Two visions on how to fight online child abuse in Europe

The encrypted messenger service was quick to condemn the committee’s proposal. Julia Weiss, a spokeswoman for the Swiss messaging app Threema, said the company was unwilling to compromise the privacy of its users in any way. “Building a surveillance system that actively scans for all private content is a terrible idea when apple came up with itnow that’s a bad idea,” Add to Will Cathcart, head of WhatsApp, posted on Twitter. August 2021, Apple announces a proposal Scanned photos of its users for child sexual abuse material, but after fierce criticism, Indefinite delay Those plans a month later.

But European Home Affairs Commissioner Ilva Johnson has been pursuing the law. “I am ready to hear criticism from companies because there may be no profit in detecting child sexual abuse material and protecting children, but it is necessary,” she told a news conference on Wednesday. She added that the tools used to perform any scans had to be technologies with the least invasion of privacy, and they had to be selected in consultation with data protection authorities.

Johansson’s proposal does not define what type of technology these companies should use to scan messages. The reason for this, the commissioner said, was to make new privacy-friendly solutions invent legislation not outdated. The law will also prompt businesses to devote more resources to creating tools they will be authorized to use later, her supporters say. “I am increasingly convinced that if the environment is right, if there is a normative legal framework that will protect children and young people, then companies and solutions can be created and generated that can eliminate this crisis,” Paul Zeitz, executive The coordinator said: The Brave Movement, a group representing survivors of child sexual violence.

But privacy groups say that approach means building legislation on impossible technology. “Commissioner Johansson said publicly that you can scan encrypted information securely and with full respect for privacy, and that doesn’t matter,” Jakubowska said. “That doesn’t hold true.”

The regulation still needs approval from the European Parliament and EU member states, which could take years. But critics, including Germany’s Federal Data Protection Commissioner Ulrich Kelber, Commitment Stop the current proposal. “The statute should not exist in this form under any circumstances as certain issues would lead to serious interference with the resolution of fundamental rights,” he said on Thursday.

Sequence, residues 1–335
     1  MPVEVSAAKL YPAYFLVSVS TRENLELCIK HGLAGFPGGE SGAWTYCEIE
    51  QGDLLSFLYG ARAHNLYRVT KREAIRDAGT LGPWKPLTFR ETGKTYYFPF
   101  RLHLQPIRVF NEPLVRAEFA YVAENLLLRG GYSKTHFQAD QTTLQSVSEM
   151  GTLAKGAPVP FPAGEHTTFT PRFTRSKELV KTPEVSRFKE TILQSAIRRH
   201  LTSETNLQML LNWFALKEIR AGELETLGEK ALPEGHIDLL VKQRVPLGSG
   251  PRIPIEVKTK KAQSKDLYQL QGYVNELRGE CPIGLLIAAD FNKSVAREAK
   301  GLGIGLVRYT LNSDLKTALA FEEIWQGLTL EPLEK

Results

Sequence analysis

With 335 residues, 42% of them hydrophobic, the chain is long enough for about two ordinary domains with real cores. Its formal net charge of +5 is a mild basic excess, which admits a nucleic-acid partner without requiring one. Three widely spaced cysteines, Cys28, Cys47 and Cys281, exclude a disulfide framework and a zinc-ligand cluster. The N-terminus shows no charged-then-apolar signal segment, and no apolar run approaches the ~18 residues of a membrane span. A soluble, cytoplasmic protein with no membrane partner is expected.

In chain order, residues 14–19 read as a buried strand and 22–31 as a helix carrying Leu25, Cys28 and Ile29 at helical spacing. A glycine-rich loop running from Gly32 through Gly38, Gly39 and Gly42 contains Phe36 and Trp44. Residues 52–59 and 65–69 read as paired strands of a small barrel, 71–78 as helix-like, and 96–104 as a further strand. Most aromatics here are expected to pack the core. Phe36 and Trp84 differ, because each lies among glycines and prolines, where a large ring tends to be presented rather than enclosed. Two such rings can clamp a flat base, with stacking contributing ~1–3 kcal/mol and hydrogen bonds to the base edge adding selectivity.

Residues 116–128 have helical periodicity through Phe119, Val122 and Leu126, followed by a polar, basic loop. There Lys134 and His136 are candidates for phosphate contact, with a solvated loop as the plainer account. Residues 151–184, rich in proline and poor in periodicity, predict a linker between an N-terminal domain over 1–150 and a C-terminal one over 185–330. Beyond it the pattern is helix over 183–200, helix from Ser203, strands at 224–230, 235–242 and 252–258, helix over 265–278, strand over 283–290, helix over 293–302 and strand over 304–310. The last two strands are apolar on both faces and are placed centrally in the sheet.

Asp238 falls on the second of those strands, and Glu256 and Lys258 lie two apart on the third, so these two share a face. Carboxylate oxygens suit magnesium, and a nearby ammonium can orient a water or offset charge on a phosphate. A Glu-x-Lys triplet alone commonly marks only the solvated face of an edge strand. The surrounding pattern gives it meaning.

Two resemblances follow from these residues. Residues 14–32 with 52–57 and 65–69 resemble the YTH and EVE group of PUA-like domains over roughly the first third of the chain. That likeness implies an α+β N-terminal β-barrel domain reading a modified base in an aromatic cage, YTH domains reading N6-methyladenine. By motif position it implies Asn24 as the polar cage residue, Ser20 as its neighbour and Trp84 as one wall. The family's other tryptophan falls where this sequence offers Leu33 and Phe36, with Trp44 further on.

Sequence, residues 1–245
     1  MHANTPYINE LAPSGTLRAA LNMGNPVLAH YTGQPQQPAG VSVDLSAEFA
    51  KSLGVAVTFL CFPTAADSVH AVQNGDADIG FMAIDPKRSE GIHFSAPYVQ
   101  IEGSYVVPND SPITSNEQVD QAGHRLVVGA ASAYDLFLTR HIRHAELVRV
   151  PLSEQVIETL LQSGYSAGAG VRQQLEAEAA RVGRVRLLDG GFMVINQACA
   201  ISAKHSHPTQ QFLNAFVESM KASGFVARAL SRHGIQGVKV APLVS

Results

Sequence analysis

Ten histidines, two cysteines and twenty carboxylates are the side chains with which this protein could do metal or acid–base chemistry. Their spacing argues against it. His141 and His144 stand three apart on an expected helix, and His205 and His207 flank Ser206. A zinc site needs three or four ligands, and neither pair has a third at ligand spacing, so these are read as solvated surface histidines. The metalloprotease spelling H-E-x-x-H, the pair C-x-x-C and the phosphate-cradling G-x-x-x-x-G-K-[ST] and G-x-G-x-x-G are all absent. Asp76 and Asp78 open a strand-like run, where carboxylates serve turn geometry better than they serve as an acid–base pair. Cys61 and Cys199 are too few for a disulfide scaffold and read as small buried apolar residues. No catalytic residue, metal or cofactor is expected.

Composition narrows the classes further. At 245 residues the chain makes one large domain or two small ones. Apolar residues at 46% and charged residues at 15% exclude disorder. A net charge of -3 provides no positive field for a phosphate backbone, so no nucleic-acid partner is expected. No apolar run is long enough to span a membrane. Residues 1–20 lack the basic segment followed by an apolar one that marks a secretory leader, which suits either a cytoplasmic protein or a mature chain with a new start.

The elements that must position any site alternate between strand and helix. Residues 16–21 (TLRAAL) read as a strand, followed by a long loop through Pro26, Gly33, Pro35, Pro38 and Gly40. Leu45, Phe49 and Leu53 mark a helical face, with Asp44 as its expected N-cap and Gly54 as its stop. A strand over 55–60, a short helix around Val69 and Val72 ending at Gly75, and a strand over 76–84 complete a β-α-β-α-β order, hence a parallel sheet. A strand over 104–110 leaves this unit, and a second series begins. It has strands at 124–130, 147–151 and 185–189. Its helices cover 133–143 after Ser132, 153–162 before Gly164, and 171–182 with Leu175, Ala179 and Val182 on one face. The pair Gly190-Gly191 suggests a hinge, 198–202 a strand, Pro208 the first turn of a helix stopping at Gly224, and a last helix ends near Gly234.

Johnson, however, remained unmoved. In an interview with Wired, she described her struggle with child sexual abuse as a very personal enterprise. “As a mother, I feel obligated to protect my children,” she said. “As an adult, I have an obligation to protect all children. As a politician, when I have the power to introduce legislation to protect children, I think I have a moral obligation to introduce that legislation.”

Other members of the European Parliament accuse Johnson of causing a heated debate in the debate hard to criticize details in the law without giving the impression that they don’t care about children who are being abused.

However, the commissioner can claim supporters among child sex abuse survivors who say they are impressed by her strong words and simple language on a topic that still feels taboo.

“When you’re a survivor, it feels really good to have a very strong political leader, talking about shame, talking about trauma, talking about the impact of child sexual abuse,” said Mié Kohiyama, a French child sexual abuse survivor who was also abused earlier this year. Part of the Courageous Movement founded at the time. “It’s so important to us.”



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